Groups debate post-9/11 terror war

By Seth Mauzy
Arizona Daily Wildcat
September 15, 2005

Representatives from two campus political clubs met yesterday to tackle and debate issues related to Sept. 11, 2001, and the war on terror.

About 100 students gathered at Heritage Hill on the Alumni Plaza to watch students from the debate club argue whether the Bush administration's responses to the 2001 terrorist attacks, including the wars in Afghanistan and Iraq, were justified and effective.

Defending Bush's actions were political science sophomore Mike Huston and journalism senior Kara Karlson of the UA College Republicans.

"We hope to bring to light what the president has accomplished in a relatively short period of time," Karlson said.

On the other side of the issue were Greg Knehans, a political science graduate student, and Joel Feinman, a Latin American studies graduate student.

Both Knehans and Feinman are members of the UA chapter of Refuse and Resist, a national organization that opposes the Bush administration and the war in the Middle East.

"We are here to contribute to an atmosphere of honest debate on real issues," Knehans said. "We seek to inform people about the basic realities of the Bush agenda and urge people to take up resistance to that agenda."

The Republicans began the debate by framing the message that President Bush has been promoting since the attacks four years ago.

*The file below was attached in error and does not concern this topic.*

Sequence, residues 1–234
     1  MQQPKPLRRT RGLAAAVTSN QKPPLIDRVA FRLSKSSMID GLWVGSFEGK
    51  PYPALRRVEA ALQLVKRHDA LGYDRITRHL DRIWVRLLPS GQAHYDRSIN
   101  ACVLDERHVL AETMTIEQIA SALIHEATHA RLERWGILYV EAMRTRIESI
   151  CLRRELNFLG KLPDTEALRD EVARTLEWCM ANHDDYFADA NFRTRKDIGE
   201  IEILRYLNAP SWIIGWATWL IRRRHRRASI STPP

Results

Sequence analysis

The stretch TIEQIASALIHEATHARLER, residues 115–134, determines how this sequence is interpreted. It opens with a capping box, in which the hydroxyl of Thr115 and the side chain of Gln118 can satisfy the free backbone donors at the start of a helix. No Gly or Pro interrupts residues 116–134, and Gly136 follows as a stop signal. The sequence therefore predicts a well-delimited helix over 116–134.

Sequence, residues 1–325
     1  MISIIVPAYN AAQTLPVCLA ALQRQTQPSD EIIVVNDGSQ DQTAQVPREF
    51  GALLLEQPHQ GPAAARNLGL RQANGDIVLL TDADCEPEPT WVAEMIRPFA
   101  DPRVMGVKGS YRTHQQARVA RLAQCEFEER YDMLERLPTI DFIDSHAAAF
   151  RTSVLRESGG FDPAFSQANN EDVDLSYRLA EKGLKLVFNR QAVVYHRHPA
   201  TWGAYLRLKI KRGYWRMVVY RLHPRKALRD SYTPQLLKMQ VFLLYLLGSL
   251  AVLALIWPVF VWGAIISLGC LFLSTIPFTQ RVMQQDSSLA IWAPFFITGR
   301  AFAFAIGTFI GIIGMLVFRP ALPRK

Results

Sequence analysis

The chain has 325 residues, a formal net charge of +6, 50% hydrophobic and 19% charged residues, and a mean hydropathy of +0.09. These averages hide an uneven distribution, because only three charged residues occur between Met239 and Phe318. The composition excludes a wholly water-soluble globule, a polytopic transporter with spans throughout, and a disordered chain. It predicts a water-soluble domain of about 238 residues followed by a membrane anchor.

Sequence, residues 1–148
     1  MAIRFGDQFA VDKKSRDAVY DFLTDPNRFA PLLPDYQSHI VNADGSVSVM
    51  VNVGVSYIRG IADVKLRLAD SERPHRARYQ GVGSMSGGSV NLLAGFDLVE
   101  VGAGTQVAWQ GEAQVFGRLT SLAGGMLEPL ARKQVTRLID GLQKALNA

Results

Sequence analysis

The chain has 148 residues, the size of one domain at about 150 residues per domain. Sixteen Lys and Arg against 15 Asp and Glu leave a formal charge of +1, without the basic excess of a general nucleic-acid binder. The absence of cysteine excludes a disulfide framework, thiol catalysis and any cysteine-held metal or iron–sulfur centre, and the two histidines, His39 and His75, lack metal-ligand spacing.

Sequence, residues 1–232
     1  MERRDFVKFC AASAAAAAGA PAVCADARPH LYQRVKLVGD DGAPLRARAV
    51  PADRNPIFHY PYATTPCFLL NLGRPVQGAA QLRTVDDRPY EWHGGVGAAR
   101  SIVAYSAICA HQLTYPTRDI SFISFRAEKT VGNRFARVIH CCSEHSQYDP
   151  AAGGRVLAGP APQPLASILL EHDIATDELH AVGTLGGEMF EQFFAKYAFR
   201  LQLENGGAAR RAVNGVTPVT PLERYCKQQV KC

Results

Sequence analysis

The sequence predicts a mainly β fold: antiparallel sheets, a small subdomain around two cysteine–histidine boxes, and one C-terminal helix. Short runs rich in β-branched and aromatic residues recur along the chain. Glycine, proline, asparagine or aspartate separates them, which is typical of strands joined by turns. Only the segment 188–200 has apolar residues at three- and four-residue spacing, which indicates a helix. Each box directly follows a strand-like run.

"We can no longer afford to take a passive approach, but must take it upon ourselves to defend ourselves and the world" Huston said. "By doing nothing, we accomplish nothing."

The recent trend of elections in the Middle East following the installation of the new Iraqi government was a sign that the United States is bringing freedom to the region, and we must stay in Iraq until the job there is done, Huston said.

"Early removal is not an option," Huston said. "The world is depending on our leadership."

In his rebuttal, Knehans called into question the very nature of the war and asked whether it was appropriate for the United States to take up a war against terror.

"This is not a war against terror," Knehans said. "How can we claim to be fighting terror when the U.S. is the single greatest practitioner of terror?"

Knehans cited America's history of involvement in Central America, Cuba and the Middle East as indicators that the war on terror is more about expanding America's global influence and power.

"This is a war for empire. It's about expanding global domination and controlling strategic resources," Knehans said. "The Bush administration has used Sept. 11 as an excuse to further a larger agenda, including attacks on civil liberties, science and women's rights."

Huston countered these accusations and continued to defend the president.

"Saying that this is a war for empire is empty rhetoric," Huston said. "There are people out there that want to destroy us, that hate us for our freedom."

Huston said the ultimate goal of the wars in Iraq and Afghanistan is a peaceful one.

"You have signs saying that 'W stands for war,'" Huston said, referencing the slogan used by Refuse and Resist. "Well, the 'W' does stand for war, a war to promote peace and democracy, and I stand with him."

When asked if they could find something good about the war on terror, the representatives from Refuse and Resist said that good news could be found every day in the news, but offered no specific examples.

Huston said their failure to find the good side of the war was indicative of the left's negativity and hatred for the American government.

"The left is all about saying 'No,'" Huston said.

Yesterday's debate was the second such event organized by the newly formed club. President of the debate club, Tawfik Maudah, said the goal of these events is not to find a winner, but to foster an atmosphere of free discussion and to educate one another about important issues.